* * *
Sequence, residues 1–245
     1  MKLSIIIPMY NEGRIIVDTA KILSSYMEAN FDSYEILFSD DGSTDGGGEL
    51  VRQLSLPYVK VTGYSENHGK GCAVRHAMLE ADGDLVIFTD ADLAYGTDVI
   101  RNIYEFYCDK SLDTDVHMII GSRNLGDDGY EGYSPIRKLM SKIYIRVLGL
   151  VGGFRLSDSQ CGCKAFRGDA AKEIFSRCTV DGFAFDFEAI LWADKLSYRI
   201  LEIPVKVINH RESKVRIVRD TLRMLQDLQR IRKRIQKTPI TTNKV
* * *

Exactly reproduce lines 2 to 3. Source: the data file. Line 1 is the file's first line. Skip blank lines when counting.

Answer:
     1  MKLSIIIPMY NEGRIIVDTA KILSSYMEAN FDSYEILFSD DGSTDGGGEL
    51  VRQLSLPYVK VTGYSENHGK GCAVRHAMLE ADGDLVIFTD ADLAYGTDVI